162A-85.25. Adoption and enforcement of ordinances.

(a) A district shall have the same power as a city under G.S. 160A-175 to assess civil fines and penalties for violation of its ordinances and may secure injunctions to further ensure compliance with its ordinances as provided by this section.

(b) An ordinance may provide that its violation shall subject the offender to a civil penalty of not more than one thousand dollars ($1,000) to be recovered by the district in a civil action in the nature of debt if the offender does not pay the penalty within a prescribed period of time after he has been cited for violation of the ordinance. Any person assessed a civil penalty by the district shall be notified of the assessment by registered or certified mail, and the notice shall specify the reasons for the assessment. If the person assessed fails to pay the amount of the assessment to the district within 30 days after receipt of notice, or such longer period, not to exceed 180 days, as the district may specify, the district may institute a civil action in the General Court of Justice of the county in which the violation occurred or, in the discretion of the district, in the General Court of Justice of the county in which the person assessed has his or its principal place of business, to recover the amount of the assessment. The validity of the district's action may be appealed directly to General Court of Justice in the county in which the violation occurred or may be raised at any time in the action to recover the assessment. Neither failure to contest the district's action directly nor failure to raise the issue of validity in the action to recover an assessment precludes the other.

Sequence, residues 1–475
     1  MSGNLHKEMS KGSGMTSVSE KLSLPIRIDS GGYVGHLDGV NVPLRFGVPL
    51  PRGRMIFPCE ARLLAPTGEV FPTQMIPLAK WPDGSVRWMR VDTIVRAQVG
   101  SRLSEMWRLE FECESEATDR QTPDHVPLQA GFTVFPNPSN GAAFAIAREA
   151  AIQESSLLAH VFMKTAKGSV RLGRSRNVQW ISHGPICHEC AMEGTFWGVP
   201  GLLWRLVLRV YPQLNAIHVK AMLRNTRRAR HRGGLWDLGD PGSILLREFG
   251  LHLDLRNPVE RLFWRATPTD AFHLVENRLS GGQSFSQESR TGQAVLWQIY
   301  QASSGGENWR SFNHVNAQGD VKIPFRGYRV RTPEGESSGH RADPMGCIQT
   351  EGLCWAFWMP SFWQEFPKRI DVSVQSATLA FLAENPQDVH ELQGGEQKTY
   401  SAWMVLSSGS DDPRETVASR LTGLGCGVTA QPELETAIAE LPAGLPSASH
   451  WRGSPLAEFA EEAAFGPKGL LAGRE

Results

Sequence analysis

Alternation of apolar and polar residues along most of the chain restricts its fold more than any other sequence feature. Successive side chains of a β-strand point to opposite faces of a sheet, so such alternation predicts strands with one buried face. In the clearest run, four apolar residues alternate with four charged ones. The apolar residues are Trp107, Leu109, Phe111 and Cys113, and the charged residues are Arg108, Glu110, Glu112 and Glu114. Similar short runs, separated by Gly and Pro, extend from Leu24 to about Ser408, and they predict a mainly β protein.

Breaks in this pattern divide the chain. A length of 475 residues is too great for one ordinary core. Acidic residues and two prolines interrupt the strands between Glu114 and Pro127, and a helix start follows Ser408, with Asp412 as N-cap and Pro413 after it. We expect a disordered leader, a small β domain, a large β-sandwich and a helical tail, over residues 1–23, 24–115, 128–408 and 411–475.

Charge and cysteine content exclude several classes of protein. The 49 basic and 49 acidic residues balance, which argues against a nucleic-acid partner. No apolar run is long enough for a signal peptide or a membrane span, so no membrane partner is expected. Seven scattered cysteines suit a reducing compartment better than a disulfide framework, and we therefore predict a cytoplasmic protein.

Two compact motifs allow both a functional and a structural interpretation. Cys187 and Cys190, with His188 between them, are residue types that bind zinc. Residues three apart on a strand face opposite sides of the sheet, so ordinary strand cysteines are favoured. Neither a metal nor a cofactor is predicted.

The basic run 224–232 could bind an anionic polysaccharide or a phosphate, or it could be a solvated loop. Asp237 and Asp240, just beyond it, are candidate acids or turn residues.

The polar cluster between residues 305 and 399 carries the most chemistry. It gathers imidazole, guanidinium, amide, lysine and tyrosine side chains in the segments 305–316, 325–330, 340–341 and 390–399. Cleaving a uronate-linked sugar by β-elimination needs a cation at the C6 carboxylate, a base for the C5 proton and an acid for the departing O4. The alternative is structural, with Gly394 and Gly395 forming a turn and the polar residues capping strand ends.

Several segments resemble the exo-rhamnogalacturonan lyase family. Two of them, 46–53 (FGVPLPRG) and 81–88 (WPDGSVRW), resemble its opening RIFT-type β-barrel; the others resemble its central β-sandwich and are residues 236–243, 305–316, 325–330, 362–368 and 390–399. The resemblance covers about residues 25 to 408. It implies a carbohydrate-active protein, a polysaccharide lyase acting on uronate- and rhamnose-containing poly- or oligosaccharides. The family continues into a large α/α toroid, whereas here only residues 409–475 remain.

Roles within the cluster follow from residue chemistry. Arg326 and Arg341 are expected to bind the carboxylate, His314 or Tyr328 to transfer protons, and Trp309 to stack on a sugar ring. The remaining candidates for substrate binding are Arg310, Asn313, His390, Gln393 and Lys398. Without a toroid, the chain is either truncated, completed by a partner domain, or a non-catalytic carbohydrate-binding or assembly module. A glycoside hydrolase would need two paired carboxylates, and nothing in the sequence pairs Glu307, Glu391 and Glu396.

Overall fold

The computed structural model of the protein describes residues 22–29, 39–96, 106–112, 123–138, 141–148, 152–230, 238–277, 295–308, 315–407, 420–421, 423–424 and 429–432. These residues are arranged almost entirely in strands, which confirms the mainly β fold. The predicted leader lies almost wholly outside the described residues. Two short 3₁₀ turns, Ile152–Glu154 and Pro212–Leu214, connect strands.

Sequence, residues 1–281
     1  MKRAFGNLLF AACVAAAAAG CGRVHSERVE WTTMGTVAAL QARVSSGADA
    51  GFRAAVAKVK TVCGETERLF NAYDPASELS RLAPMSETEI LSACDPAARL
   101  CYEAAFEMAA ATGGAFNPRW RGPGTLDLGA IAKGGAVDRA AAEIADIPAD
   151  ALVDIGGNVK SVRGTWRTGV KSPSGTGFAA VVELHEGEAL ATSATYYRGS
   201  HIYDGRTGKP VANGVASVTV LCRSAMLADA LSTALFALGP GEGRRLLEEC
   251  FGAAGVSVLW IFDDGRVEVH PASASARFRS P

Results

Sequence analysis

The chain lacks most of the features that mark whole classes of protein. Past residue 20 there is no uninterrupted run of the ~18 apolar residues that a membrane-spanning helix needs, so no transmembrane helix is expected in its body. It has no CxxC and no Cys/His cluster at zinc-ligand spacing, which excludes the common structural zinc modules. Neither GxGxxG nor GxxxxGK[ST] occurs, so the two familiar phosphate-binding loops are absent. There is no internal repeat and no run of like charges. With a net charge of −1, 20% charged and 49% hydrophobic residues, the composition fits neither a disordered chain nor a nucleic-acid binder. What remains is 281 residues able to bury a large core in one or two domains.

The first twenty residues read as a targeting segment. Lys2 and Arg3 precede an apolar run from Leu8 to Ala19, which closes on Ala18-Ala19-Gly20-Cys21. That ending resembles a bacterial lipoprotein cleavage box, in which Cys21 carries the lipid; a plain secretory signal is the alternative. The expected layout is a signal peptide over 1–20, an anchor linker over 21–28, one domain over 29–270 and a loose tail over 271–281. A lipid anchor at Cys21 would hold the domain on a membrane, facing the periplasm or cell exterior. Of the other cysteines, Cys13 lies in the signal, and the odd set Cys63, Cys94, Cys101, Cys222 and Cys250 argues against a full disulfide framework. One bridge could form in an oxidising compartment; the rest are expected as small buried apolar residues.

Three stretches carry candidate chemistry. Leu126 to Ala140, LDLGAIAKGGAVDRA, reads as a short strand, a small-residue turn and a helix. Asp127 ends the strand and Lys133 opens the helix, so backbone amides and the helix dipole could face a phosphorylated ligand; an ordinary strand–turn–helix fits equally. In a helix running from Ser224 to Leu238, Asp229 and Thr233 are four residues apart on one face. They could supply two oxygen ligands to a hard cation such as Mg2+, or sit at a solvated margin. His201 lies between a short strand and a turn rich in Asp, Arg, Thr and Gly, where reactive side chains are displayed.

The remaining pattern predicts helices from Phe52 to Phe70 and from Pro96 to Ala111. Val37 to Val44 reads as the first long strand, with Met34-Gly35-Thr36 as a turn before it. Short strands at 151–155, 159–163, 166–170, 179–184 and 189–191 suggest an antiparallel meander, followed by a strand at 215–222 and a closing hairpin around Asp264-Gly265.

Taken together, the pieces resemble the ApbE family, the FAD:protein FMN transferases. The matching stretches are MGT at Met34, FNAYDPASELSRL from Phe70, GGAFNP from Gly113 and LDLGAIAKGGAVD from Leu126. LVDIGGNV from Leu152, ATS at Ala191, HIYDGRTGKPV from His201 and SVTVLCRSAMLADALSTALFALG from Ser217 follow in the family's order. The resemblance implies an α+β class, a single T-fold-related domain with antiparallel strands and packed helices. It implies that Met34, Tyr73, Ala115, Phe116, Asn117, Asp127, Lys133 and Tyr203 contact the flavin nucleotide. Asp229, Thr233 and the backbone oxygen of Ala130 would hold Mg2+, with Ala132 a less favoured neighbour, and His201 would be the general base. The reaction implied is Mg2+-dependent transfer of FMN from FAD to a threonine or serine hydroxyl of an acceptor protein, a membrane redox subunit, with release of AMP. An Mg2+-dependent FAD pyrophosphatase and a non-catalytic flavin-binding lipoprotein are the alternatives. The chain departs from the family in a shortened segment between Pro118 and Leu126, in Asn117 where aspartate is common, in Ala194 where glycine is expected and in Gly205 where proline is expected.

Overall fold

(c) An ordinance may provide that it may be enforced by an appropriate equitable remedy issuing from court of competent jurisdiction. In such case, the General Court of Justice shall have jurisdiction to issue such orders as may be appropriate, and it shall not be a defense to the application of the district for equitable relief that there is an adequate remedy at law.

(d) Subject to the express terms of an ordinance, a district ordinance may be enforced by any one, all, or a combination of the remedies authorized and prescribed by this section.

(e) An ordinance may provide, when appropriate, that each day's continuing violation shall be a separate and distinct offense. (2013-50, s. 2.)